‘Hello, it’s not a festival today is it?’

Three friends stroll past the long line of food stalls in Hyde Park and marvel at the Burger Shack, the Hog Roast, where they sell “crispy pork baguettes,” and the Doughnuts & Coffee. “Hello, it’s not a festival today or something?” says one of the boys.

Yet Hyde Park, a large park in the middle of London with large video screens so that Brits can follow the farewell of Queen Elizabeth II, has something festival-like. There are food trucks, there are blocks of dixies, water points and endless streams of walking people. The lines at the coffee shops are longest on Monday around half past nine in the morning, when the official start of the funeral takes a while. Yet enough Brits are already ordering a hamburger or a portion Fish & Chips.

The United Kingdom said goodbye to the late Queen Elizabeth on Monday after ten days of mourning. She had a church service with hundreds of invitees from all over the world, with music and psalms that she had partly chosen herself. It was a day full of marches and great display of about 4,000 soldiers.

Sorry about Charles

The only time the crowds in Hyde Park stop for a moment is during the late morning church service. The security guards are still trying to keep the footpaths free of people who want to sit, but they are not successful, it is too busy. Families sit on picnic blankets drinking beer from paper cups with the British flag on them. Dogs are urged to sit, children lifted on the hip and hopped to get them still.

As if it was agreed upon, while playing The Last Post, everyone stands up and then keeps silence for two minutes. There aren’t many tears – ten days is apparently long enough to handle the worst shock of the death of the only queen the average Briton has known.

Still, Sandra O’Brien does have a lump in her throat, she says. She’s eating a bag of chips after everyone has sung the national anthem—the first verse, the second hardly anyone knows—and the Queen’s coffin has just been lifted out of the church. “Her life is so intertwined with ours. I strongly associate her with family life. All the street parties we held to celebrate her anniversaries, none of that will come back.” O’Brien regrets that Crown Prince William has not become king, but that it is Charles’ turn first. “Someone from the younger generation, that would be nice.”

“A little toast is in order,” says Greer McDonald who traveled to London with girlfriend Jackie Reynolds especially to say goodbye

Toast to the Queen

A little further south, towards the Wellington Arch square where the Queen is being transferred from carriage to funeral carriage, friends Greer McDonald and Jackie Reynolds and their families are waiting for the Queen to drop by in the funeral car. On a hill, so that they have a good view, they are drinking sparkling wine. “A small toast is in order,” says McDonald. “Because 96 years, wowI wish my mother had lived that long.”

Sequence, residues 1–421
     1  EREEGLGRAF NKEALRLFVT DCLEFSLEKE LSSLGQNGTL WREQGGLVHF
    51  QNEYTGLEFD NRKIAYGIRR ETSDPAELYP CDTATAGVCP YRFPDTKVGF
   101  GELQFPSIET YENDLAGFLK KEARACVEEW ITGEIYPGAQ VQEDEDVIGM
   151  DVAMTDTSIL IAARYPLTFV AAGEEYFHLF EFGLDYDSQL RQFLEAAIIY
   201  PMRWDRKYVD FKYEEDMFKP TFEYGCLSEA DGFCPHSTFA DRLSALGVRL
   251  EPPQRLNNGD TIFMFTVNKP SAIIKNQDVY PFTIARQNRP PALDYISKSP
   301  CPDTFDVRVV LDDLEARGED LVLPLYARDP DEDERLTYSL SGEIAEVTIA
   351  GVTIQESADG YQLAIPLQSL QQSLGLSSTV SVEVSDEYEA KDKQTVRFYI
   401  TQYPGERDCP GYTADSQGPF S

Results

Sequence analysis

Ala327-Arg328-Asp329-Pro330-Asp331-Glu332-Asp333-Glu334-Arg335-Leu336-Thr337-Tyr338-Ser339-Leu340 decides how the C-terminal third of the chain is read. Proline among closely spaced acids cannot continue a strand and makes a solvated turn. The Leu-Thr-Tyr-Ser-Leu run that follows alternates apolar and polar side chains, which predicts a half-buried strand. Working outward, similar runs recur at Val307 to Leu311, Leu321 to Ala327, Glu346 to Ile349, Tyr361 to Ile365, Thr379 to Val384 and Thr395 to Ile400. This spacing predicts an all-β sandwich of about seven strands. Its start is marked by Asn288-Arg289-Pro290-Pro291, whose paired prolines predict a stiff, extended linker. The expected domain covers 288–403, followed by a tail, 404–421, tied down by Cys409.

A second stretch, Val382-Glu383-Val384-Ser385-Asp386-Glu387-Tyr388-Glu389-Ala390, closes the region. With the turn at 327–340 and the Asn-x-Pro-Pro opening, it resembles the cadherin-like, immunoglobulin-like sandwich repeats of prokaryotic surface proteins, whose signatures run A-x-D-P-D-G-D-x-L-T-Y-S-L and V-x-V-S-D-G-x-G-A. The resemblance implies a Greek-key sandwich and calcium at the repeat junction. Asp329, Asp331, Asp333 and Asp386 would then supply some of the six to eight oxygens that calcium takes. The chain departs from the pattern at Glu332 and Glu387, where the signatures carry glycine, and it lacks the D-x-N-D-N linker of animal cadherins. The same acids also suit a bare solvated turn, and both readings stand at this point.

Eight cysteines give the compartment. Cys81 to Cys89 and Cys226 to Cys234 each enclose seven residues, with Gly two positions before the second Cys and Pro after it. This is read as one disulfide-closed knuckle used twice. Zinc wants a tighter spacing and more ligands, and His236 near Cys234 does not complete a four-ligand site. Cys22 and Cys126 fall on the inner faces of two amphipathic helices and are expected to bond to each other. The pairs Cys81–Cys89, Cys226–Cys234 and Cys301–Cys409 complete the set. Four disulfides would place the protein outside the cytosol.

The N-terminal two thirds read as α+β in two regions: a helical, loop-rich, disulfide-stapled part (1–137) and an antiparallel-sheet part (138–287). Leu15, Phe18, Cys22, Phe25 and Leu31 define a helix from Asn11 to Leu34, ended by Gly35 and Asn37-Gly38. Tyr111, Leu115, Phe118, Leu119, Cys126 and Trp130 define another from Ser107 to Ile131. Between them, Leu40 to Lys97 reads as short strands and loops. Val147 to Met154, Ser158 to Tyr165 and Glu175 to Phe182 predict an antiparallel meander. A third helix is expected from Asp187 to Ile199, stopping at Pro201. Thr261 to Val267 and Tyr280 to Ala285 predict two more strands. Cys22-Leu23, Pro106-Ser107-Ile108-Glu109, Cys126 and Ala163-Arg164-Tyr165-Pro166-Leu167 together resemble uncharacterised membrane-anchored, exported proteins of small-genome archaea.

They came from Wirral especially for the funeral, which is next to Liverpool. “We told each other we would regret it if we didn’t,” McDonald said. They slept in a hotel and were here around eight in the morning. That was already too late for the really good places anyway, the police no longer allowed people in the area where the first procession was held. “Ah, it’s about seeing her come by.”

Also read the obituary about Elizabeth II: The Queen Who Outlived Everyone By Silence For 70 Years

If it had been up to Jackie Reynolds, stores across the country would have closed today. “We all work hard enough. That way you give everyone the time to really honor the queen.” Monday could be an official day off in the UK, companies could decide for themselves whether they really gave their staff off or not. Most shops were closed, some only in the morning or during church service. Cinema chains had no regular programming but broadcast the funeral, just like many pubs opened earlier to show the service.

Shame on Center Parcs

In any case, in recent days there has been a lot of talk about how the business community dealt with national mourning. “I thought it was exaggerated, also typically British,” says Greer McDonald, she can laugh about it. Supermarket chain Morrisons had lowered the beeps at the self-help checkout “as a sign of respect and mourning”, but with the result that customers had trouble checking out because they did not notice whether their products had been scanned or not.

Then there was the energy company Ecotricity that put a photoshopped photo of the queen in bright green company clothing online, “Thanks Liz”, which went wrong with many. And CrossFit VK posted a high-intensity workout on social media in honor of the Queen: 70 lunges, 96 double-unders with skipping rope, “1 minute of peace in silence.”

But the Center Parcs bungalow park received the most derision because they wanted their guests completely off their sites on Monday, so that the staff could also pay their respects to the Queen. After much commotion, Center Parcs reversed the measure, but they did ask guests to stay in their house.

In Hyde Park the atmosphere is relaxed, friendly for the rest of the afternoon. A neat older couple drinks white wine from real glasses, further on two girls march in circles around their parents exactly to the size of the corps. As the car with the coffin drives to Windsor, where the Queen is buried in St. George’s Chapel, applause erupts.

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